State seeks help finding vandals who broke Upper Verde Wildlife Area gate lock

[Source: Prescott Daily Courier] – The Arizona Game and Fish Department and Yavapai Silent Witness are seeking information about vandals who broke the lock on a road gate at the Upper Verde River Wildlife Area east of Paulden.

The locking mechanism for the gate was broken sometime during the week of April 18, which then allowed for illegal vehicle access. Previous repeated problems with vandalism, littering and illegal off-highway vehicle use led the Game and Fish Department to close the property to vehicle access on April 22, 2010. This marks the second time the lock tab has been broken to allow vehicle access onto the property. The first incident took place sometime between March 11-13.

Yavapai Silent Witness is offering a reward for information leading to the arrest of the individual(s) responsible. Those with information should call (800) 932-3232. Caller identities will remain confidential.

“This is the same type of behavior that led to closure of vehicle access in the first place,” said Zen Mocarski, public information officer for the Game and Fish Region 3 office in Kingman. “The property had been open to vehicle access, but it became clear the situation was not going to improve without this closure.”  Game and Fish bought the Upper Verde River Wildlife Area, located at the headwaters of the Verde River near Paulden, in 1996 with money from the Heritage Fund.

The property consists of 1,089 acres of prime riparian habitat, which includes three miles of the Verde River and one mile of Granite Creek. Human use of the property must be appropriate to the primary goals of managing the wildlife area for the benefit of sensitive species, Mocarski said.

In 2009, the wildlife area was included in the Audubon Society’s Important Bird Area program. The U.S. Fish and Wildlife Service also has designated the Upper Verde River as critical habitat for the endangered spikedace fish.Mocarski said he has heard many of the arguments about motorized access, and most center on taxes. “I hear the argument a bunch: ‘Game and Fish bought this land with my taxes,'” Mocarski related. “This simply isn’t true. It was purchased with Heritage Funds, which come from the Arizona lottery. Game and Fish does not receive general fund tax dollars.”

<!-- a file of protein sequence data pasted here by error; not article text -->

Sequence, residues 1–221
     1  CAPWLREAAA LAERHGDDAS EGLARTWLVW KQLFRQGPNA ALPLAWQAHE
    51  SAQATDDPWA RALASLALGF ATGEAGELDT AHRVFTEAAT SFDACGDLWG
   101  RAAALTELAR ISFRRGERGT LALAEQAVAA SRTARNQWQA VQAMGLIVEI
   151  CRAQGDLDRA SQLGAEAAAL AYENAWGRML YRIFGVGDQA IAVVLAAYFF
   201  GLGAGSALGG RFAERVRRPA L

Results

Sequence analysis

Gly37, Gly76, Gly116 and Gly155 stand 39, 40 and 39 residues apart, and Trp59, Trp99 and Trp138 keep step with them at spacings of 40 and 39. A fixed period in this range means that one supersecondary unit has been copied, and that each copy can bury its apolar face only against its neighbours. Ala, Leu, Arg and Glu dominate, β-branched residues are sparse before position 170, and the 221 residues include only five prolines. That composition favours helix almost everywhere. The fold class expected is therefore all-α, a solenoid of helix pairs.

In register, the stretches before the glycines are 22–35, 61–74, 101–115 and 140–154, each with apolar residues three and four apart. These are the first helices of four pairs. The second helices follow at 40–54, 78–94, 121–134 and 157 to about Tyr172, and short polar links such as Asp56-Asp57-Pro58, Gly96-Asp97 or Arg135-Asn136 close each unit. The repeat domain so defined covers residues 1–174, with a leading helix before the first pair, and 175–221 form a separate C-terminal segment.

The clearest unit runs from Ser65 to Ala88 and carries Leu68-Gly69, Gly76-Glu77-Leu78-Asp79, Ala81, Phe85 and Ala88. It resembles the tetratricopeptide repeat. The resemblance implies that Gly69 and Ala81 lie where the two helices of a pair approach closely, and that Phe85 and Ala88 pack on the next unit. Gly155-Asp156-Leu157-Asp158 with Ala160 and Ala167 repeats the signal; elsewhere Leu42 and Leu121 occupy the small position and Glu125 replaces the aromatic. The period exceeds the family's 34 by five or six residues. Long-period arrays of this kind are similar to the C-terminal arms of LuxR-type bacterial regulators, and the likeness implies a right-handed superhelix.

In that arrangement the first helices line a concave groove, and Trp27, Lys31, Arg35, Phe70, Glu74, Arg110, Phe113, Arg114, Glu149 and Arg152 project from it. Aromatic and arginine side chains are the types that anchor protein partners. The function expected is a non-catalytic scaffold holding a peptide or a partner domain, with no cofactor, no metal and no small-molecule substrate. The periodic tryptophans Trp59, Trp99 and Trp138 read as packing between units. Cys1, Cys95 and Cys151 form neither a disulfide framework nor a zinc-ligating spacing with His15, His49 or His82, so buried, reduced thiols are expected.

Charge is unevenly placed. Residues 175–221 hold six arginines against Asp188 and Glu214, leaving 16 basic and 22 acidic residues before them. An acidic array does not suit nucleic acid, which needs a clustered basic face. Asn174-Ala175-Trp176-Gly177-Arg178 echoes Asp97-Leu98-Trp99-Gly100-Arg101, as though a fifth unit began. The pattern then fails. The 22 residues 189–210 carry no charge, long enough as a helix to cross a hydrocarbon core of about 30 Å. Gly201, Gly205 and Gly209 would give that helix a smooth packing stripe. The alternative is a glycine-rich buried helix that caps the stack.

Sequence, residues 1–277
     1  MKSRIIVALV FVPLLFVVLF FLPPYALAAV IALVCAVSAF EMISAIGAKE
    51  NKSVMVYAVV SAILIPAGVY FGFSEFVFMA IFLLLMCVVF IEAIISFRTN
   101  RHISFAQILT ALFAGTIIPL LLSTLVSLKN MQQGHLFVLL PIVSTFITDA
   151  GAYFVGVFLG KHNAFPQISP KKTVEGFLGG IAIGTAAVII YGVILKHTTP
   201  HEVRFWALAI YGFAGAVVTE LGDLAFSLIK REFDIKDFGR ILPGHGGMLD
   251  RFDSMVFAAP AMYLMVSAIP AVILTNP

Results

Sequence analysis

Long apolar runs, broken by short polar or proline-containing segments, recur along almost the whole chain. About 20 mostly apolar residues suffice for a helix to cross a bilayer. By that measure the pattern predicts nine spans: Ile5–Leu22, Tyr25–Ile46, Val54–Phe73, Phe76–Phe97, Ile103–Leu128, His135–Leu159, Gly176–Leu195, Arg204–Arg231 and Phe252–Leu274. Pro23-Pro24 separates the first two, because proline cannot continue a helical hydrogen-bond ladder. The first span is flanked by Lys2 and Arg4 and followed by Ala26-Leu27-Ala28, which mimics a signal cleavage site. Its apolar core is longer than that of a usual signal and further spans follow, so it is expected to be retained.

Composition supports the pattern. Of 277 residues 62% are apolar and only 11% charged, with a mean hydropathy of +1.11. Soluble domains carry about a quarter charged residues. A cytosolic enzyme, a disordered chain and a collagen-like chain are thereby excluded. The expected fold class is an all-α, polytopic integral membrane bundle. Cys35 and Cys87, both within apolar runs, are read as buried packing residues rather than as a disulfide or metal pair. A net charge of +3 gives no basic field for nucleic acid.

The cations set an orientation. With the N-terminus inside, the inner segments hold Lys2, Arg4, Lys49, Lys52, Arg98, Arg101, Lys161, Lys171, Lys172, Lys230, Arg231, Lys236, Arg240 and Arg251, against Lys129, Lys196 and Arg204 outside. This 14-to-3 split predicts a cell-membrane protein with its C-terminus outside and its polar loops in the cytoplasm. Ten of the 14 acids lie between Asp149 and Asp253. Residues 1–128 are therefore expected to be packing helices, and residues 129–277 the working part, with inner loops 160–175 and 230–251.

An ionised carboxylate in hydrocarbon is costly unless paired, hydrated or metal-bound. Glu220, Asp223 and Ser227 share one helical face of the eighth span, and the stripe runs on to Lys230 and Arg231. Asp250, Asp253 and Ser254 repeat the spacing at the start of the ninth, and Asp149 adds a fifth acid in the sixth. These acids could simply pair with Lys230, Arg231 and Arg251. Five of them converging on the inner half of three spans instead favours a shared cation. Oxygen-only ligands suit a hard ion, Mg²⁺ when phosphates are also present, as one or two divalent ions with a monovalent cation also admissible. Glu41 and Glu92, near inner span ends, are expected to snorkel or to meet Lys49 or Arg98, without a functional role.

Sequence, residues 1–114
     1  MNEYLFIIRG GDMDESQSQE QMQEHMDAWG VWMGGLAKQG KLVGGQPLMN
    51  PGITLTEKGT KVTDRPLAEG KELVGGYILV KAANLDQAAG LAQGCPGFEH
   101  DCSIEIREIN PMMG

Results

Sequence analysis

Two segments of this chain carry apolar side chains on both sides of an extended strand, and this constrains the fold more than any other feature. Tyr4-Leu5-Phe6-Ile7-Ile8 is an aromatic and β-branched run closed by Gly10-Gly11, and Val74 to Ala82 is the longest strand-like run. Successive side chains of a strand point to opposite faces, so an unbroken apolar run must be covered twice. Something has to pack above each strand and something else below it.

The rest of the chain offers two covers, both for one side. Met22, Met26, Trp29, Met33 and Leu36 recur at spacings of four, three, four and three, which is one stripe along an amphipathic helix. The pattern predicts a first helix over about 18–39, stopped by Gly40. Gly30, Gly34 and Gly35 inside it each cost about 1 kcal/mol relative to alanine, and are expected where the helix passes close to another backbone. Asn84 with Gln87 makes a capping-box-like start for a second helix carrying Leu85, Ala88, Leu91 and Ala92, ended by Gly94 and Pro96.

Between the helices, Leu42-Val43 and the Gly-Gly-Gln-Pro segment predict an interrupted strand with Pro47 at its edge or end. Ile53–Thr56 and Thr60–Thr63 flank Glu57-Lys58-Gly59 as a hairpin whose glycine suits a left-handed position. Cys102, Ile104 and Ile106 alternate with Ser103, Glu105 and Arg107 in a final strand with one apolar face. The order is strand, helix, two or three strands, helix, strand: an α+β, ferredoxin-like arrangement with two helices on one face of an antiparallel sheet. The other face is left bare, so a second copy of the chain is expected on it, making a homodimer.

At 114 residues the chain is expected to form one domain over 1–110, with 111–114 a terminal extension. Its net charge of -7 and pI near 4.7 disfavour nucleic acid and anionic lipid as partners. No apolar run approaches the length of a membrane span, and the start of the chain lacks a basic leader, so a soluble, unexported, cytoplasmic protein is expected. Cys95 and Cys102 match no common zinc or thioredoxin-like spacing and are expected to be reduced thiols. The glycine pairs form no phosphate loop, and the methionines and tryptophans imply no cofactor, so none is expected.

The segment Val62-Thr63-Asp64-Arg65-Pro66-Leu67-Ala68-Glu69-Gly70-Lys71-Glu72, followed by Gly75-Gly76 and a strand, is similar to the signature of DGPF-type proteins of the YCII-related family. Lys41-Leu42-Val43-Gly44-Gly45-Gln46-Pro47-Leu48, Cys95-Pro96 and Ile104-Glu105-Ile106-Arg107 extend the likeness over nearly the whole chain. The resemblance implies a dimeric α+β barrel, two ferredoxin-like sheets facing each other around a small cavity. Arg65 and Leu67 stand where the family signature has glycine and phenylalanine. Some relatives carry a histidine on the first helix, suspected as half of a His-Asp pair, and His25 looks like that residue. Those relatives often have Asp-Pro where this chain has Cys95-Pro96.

To report acts of vandalism or other illegal activities, call (800) VANDALS. Callers should provide as much information as possible without contacting offending individuals.

Free trail map will help you find wildlife in the Pinetop-Lakeside area

[Source:] – With the weather getting warmer, it may be a good time to plan a family outing to hike and enjoy wildlife viewing in the ponderosa pine country of the White Mountains.

The Town of Pinetop-Lakeside, with assistance from the Arizona Game and Fish Department, recently developed a new trail guide called the “Pinetop-Lakeside Wildlife Viewing Guide” to help you map out a fun trip to enjoy nature and wildlife in eastern Arizona. It comes complete with a local hiking trail map and descriptions of several prime areas in and around the town where you can see a variety of animals.

“The guide will help people to streamline wildlife-viewing trips in the Pinetop-Lakeside area,” says Bruce Sitko, spokesman at the department’s Pinetop office. “Families and friends will be able to plan out which types of wildlife and which areas they want to see and how to most quickly and effectively get from one to another.”[to read the full article click here].

Arizona Game and Fish to restore river bed

[Source:] – The Arizona Game and Fish Department is implementing a water quality improvement project along the banks of the Little Colorado River on its Wenima Wildlife Area located just north of Springerville. 

The 355 acre property is managed for native wildlife, and includes 2.5 miles of the Little Colorado River.  Some of the river’s stream banks are very unstable, and large amounts of soil is washed downstream when water levels rise.  The Arizona Department of Environmental Quality funded a water quality improvement grant to address these eroding banks. The Department originally purchased this 355 acre property in 1993 with the aid of the Heritage Fund, which utilizes Arizona lottery monies to protect habitat for threatened and endangered species.  Since the 1993 acquisition, the habitat within the Wenima Wildlife Area boundaries has greatly improved, but a few sections of the river continue to experience excessive erosion events during spring run off and after large monsoon rains.

The Department applied for and was awarded a water quality improvement grant administered by the Arizona Department of Environmental Quality. [to read the full article click here].